Asset Loading

June 29, 2017 by Eric Traut

We’ve received questions about how we handle assets (images, videos, sounds) in a way that works for both React Native and React JS (web).

Specifying Asset Locations

On the web, assets are simply referenced by URL and are loaded asynchronously by the browser.

<RX.Image source={ '' }/>

React Native apps typically package assets in the app bundle, so they are loaded from the local device storage. In this case, the path is specified in the form of a relative file system path. However, instead of passing the path directly, you need to invoke the React Native packager by calling “require”.

<RX.Image source={ require('./images/appLogoSmall.jpg') }/>

The packager requires that the asset path is specified as a string literal. In other words, it cannot be constructed at runtime or returned by a helper method. For more details about this limitation, refer to the React Native documentation.

This makes it difficult to write cross-platform code that runs on both web and native platforms. Here’s how we solved this problem in the Skype app.

AppAssets Module

We created an “AppAssets” interface that includes an accessor method for each of the assets in our app.

// File: AppAssets.d.ts

declare module 'AppAssets' {
    interface IAppAssets {
        appLogoSmall: string;
        appLogoLarge: string;
        notificationIcon: string;
        // ... etc.
    const Assets: IAppAssets;

We then implemented this interface for both web and native platforms.

// File: AppAssetsWeb.ts

import AppAssets = require('AppAssets');
import AppConfig = require('./AppConfig');

class AppAssetsImpl implements AppAssets.IAppAssets {
    appLogoSmall = AppConfig.getImagePath('skypeLogoSmall.png');
    appLogoLarge = AppConfig.getImagePath('skypeLogoLarge.png');
    notificationIcon = AppConfig.getImagePath('notificationIcon.gif');
    // ... etc.

export const Assets: AppAssets.IAppAssets = new AppAssetsImpl();
// File: AppAssetsNative.ts

import AppAssets = require('AppAssets');

class AppAssetsImpl implements IAppAssets.Collection {
    get appLogoSmall() { return require('..images/skypeLogoSmall.png'); }
    get appLogoLarge() { return require('..images/skypeLogoLarge.png'); }
    get notificationIcon() { return require('../images/notificationIcon.gif'); }
    // ... etc.

export const Assets: AppAssets.IAppAssets = new AppAssetsImpl();

There are a few things worth noting in the code above. First, we’re making use of an interface to ensure that the web and native implementations stay in sync. If you forget to add an asset to both files, the TypeScript compiler will detect the error at build time.

Second, the web implementation is using a helper method getImagePath to construct the full URL. It builds this using a dynamically-configurable domain name, allowing us to stage the app to a test web server or publish it to the production server.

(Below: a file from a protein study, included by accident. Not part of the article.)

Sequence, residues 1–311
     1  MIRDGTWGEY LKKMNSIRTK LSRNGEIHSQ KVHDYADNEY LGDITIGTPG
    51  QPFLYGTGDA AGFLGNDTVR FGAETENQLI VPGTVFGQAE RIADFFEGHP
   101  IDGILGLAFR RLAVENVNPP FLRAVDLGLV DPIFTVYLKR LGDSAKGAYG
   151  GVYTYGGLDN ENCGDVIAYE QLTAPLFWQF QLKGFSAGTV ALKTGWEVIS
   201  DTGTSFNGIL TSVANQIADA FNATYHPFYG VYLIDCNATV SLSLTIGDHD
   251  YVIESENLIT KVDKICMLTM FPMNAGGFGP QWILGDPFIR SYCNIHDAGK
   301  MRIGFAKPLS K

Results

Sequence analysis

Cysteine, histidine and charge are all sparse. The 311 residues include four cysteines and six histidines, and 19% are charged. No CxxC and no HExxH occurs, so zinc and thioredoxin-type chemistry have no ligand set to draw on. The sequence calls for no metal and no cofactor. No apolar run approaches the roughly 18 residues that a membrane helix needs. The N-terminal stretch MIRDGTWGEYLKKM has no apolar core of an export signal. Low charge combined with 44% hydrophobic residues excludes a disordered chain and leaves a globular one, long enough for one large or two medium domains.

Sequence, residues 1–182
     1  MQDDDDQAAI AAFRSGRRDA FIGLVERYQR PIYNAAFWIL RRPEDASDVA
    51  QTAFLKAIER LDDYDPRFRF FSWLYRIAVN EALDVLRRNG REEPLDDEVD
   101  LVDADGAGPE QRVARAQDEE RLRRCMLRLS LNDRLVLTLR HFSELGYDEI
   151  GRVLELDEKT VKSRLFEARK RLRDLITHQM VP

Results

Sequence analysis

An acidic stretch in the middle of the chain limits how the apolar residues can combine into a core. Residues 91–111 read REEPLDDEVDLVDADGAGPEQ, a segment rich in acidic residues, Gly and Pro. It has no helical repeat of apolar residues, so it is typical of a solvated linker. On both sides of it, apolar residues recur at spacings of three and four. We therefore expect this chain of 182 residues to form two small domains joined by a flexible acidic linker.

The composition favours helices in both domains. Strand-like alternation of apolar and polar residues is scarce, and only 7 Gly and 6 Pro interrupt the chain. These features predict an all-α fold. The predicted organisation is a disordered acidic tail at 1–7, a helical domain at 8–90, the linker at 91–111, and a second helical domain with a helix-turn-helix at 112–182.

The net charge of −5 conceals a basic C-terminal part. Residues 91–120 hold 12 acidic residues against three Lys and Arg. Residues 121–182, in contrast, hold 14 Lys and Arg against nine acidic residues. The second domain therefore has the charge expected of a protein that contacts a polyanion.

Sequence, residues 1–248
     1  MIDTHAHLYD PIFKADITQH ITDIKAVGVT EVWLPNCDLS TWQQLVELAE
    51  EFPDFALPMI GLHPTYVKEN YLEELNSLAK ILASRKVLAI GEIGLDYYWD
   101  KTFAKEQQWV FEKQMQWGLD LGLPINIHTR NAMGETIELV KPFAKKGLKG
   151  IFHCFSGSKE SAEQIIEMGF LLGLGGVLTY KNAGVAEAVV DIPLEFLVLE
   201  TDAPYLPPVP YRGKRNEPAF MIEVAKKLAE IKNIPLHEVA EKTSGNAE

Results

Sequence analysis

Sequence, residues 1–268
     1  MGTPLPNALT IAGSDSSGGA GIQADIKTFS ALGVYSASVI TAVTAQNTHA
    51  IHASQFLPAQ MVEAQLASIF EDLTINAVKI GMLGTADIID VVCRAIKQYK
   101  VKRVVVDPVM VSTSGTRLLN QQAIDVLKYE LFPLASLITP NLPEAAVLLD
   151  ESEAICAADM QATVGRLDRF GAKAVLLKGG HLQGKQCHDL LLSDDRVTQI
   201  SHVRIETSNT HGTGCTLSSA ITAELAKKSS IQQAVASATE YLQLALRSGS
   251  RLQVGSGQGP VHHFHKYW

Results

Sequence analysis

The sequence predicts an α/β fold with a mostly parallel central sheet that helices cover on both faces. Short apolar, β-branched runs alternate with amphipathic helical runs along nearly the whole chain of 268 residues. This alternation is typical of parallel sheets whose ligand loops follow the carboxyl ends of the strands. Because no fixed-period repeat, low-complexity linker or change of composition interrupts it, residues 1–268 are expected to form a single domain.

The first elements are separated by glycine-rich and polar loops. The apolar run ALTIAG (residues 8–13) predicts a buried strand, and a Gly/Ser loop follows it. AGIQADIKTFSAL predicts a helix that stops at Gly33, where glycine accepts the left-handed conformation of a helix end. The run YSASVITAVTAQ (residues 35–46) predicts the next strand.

Third, the native implementation makes use of accessors. This defers the loading of the asset until the first time it is first accessed. Without this trick, all assets would be loaded at the time the AppAssetsNative module was initialized, adding to app startup time.

Now we can reference the assets in a cross-platform way.

import AppAssets = require('AppAssets');

<RX.Image source={ AppAssets.Assets.appLogoSmall }/>


Now that we have two implementations (one for web and a second for native), how do we “link” the correct version based on the platform that we’re building? We do this through a lightweight “aliasing” step in our build process. This step replaces the require('AppAssets') with either require('./ts/AppAssetsWeb') or require('./ts/AppAssetsNative') depending on the platform being built.

I’ll provide examples in gulp syntax, but the same technique can be used in grunt or other task scripting runtimes.

var config = {
    aliasify: {
        src: './.temp/' + argv.platform,
        dest: getBuildPath() + 'js/',
        aliases: (argv.platform === 'web') ?
        // Web Aliases
            'AppAssets': './ts/AppAssetsWeb'
        } :
        // Native Aliases
            'AppAssets': './ts/AppAssetsNative'

function aliasify(aliases) {
    var reqPattern = new RegExp(/require\(['"]([^'"]+)['"]\)/g);

    // For all files in the stream, apply the replacement.
    return, done) {
        if (!file.isNull()) {
            var fileContent = file.contents.toString();
            if (reqPattern.test(fileContent)) {
                file.contents = new Buffer(fileContent.replace(reqPattern, function(req, oldPath) {
                    if (!aliases[oldPath]) {
                        return req;

                    return "require('" + aliases[oldPath] + "')";

        done(null, file);

gulp.task('apply-aliases', function() {
    return gulp.src(path.join(config.aliasify.src, '**/*.js'))
        .on('error', handleError);

// Here's our full build task pipeline. I haven't provided the task
// definitions for all of these stages, but you can see where the
// 'apply-aliases' task fits into the pipeline.
gulp.task('run', function(callback) {
    runSequence('clean', 'build', 'apply-aliases', 'watch', 'lint', callback);